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Mission History
Behind the Original Stardust Mission

Stardust was the first U.S. space mission dedicated solely to the exploration of a comet, and the first robotic mission designed to return extraterrestrial material from outside the orbit of the Moon.

The Stardust spacecraft was launched on February 7, 1999, from Cape Canaveral Air Station, Florida, aboard a Delta II rocket. The primary goal of the original Stardust was to collect dust and carbon-based samples during its closest encounter with Comet Wild 2 (pronounced "Vilt 2" after the name of its Swiss discoverer)—a rendezvous scheduled to take place in January 2004, after nearly four years of space travel.

Additionally, the spacecraft would bring back samples of interstellar dust, including recently discovered dust streaming into our Solar System from the direction of Sagittarius.These materials are believed to consist of ancient pre-solar interstellar grains and nebular that include remnants from the formation of the Solar System. Analysis of such fascinating celestial specks is expected to yield important insights into the evolution of the Sun its planets and possibly even the origin of life itself.

In order to meet up with comet Wild 2, the spacecraft made three loops around the Sun. On the second loop, its trajectory intersected with the comet. During the encounter, Stardust performed a variety of tasks including reporting counts of comet particles encountered by the spacecraft with the Dust Flux Monitor, and real-time analyses of the compositions of these particles and volatiles taken by the Comet and Interstellar Dust Analyzer (CIDA). Using a unique substance called Aerogel, Stardust captured  samples and stored them for safekeeping on its long journey back to Earth. On January 2006, in the early morning hours, Stardust’s 125 pound sample return capsule could be seen streaking across the sky as it parachuted into a selected landing site in Utah.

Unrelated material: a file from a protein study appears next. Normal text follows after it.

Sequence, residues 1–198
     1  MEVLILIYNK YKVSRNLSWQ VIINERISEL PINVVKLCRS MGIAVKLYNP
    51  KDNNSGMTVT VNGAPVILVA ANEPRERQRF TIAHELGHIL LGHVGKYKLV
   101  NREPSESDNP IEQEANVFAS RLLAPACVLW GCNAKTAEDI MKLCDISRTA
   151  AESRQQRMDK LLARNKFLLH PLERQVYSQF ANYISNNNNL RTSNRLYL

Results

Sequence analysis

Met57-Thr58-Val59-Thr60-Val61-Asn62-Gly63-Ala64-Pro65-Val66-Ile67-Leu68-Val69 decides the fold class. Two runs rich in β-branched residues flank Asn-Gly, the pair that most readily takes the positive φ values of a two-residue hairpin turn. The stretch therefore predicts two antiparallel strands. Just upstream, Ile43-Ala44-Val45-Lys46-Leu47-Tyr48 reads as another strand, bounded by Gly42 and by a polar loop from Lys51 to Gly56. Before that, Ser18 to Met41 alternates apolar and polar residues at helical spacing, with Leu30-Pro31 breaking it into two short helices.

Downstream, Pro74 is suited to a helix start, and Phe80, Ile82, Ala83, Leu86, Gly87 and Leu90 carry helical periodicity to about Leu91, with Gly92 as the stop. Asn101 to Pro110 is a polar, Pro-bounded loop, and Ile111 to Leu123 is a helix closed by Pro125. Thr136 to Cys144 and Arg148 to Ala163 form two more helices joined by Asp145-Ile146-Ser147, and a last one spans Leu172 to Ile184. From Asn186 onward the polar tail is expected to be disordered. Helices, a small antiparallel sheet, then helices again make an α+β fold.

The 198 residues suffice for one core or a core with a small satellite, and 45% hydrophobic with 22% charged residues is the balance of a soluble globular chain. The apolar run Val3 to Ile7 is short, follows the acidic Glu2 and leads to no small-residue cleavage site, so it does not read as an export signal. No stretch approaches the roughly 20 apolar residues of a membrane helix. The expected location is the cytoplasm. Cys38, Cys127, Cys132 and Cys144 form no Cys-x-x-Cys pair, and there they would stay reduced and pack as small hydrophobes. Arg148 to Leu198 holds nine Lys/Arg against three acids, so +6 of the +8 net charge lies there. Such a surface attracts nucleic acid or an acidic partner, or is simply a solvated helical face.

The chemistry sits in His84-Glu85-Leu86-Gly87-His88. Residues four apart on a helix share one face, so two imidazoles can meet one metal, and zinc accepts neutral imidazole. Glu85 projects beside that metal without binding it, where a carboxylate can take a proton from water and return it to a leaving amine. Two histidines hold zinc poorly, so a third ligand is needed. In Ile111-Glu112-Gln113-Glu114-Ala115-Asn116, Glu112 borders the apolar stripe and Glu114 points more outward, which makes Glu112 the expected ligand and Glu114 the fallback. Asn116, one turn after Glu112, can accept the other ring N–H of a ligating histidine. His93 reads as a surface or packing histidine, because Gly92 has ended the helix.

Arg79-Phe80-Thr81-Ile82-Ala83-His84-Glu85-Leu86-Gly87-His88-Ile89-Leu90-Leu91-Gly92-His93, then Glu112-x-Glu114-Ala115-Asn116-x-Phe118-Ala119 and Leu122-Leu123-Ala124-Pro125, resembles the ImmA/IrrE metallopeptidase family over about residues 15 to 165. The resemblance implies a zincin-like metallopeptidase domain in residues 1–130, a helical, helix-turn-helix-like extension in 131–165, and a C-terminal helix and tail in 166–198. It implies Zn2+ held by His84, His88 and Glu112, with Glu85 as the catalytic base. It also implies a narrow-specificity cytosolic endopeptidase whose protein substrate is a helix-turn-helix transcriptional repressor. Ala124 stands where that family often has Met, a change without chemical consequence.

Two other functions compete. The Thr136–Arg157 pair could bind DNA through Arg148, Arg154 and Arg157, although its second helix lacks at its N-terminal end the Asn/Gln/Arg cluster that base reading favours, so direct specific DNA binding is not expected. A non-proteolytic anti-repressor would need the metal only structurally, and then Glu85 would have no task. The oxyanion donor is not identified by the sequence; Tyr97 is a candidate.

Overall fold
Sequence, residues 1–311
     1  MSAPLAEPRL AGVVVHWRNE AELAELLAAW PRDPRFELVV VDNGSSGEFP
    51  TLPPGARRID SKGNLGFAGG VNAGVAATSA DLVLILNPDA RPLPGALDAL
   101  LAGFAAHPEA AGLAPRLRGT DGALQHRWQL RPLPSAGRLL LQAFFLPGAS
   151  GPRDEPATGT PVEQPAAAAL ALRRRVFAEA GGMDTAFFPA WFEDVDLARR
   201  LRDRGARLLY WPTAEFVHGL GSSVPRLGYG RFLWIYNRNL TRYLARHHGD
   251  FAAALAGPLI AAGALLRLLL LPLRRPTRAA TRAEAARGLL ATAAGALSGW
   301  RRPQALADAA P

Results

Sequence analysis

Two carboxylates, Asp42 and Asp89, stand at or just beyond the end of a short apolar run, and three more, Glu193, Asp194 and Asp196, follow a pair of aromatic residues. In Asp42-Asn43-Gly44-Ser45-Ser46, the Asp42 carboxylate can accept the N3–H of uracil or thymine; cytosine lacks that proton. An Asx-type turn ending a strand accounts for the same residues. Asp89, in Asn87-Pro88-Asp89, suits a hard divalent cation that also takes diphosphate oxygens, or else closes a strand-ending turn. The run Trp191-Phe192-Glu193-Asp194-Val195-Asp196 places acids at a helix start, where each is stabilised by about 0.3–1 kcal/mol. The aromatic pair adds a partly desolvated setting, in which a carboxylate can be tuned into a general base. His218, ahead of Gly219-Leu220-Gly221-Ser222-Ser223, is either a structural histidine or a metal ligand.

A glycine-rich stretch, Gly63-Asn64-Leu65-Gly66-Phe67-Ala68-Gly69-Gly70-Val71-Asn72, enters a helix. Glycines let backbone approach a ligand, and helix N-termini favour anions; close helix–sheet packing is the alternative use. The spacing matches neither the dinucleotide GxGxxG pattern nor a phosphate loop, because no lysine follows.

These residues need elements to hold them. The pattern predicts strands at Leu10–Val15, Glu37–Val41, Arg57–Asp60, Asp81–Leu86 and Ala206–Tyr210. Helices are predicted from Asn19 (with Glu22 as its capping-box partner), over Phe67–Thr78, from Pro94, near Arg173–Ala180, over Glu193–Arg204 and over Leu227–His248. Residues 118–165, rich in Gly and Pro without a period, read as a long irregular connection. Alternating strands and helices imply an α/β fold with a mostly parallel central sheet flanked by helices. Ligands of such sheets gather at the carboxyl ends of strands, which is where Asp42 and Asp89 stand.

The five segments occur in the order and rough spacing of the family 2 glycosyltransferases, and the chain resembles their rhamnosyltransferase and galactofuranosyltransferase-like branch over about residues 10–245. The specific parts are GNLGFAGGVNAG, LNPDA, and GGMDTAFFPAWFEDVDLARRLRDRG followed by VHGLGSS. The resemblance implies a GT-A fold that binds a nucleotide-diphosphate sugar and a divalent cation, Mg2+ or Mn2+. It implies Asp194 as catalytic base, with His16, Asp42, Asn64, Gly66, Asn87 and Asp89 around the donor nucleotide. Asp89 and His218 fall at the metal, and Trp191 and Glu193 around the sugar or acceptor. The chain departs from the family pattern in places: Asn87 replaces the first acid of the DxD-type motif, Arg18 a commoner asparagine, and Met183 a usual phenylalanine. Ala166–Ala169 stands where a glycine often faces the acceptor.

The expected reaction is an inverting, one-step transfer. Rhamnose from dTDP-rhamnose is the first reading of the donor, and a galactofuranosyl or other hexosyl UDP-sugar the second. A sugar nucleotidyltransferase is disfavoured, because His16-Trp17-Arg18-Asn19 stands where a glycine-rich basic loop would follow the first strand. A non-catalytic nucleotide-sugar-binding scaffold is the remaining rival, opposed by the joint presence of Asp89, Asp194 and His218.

Stardust is the fourth NASA Discovery mission to be chosen and follows on the heels of Mars Pathfinder, the Near Earth Asteroid Rendezvous (NEAR) mission, and the Lunar Prospector mission. The Discovery Program is an ongoing program that is intended to offer the scientific community opportunities to accomplish frequent, high quality scientific investigations using innovative and efficient management approaches. It seeks to keep performance high and expenses low by using new technologies and strict cost caps.

The Stardust mission was a collaborative effort between NASA, university and industry partners:

  • The Principal Investigator is Dr. Donald E. Brownlee of the University of Washington, well known for his discovery of cosmic particles in the stratosphere known as Brownlee Particles.

  • Dr. Peter Tsou of the Jet Propulsion Lab (JPL), Deputy Investigator.

  • Lockheed Martin Astronautics, Denver, Colorado built the spacecraft as well as provided primary navigation.

  • The Jet Propulsion Laboratory managed the mission and provided the Navigation Camera.

  • The Max Planck Institute (MPI) of Germany provided the real-time dust composition analyzer (CIDA).

  • Johnson Space Center currently provides the planetary materials curatorial facility where samples are preserved and tests conducted.

  • University of Chicago provided the Dust Flux Monitor instrument (DFMI).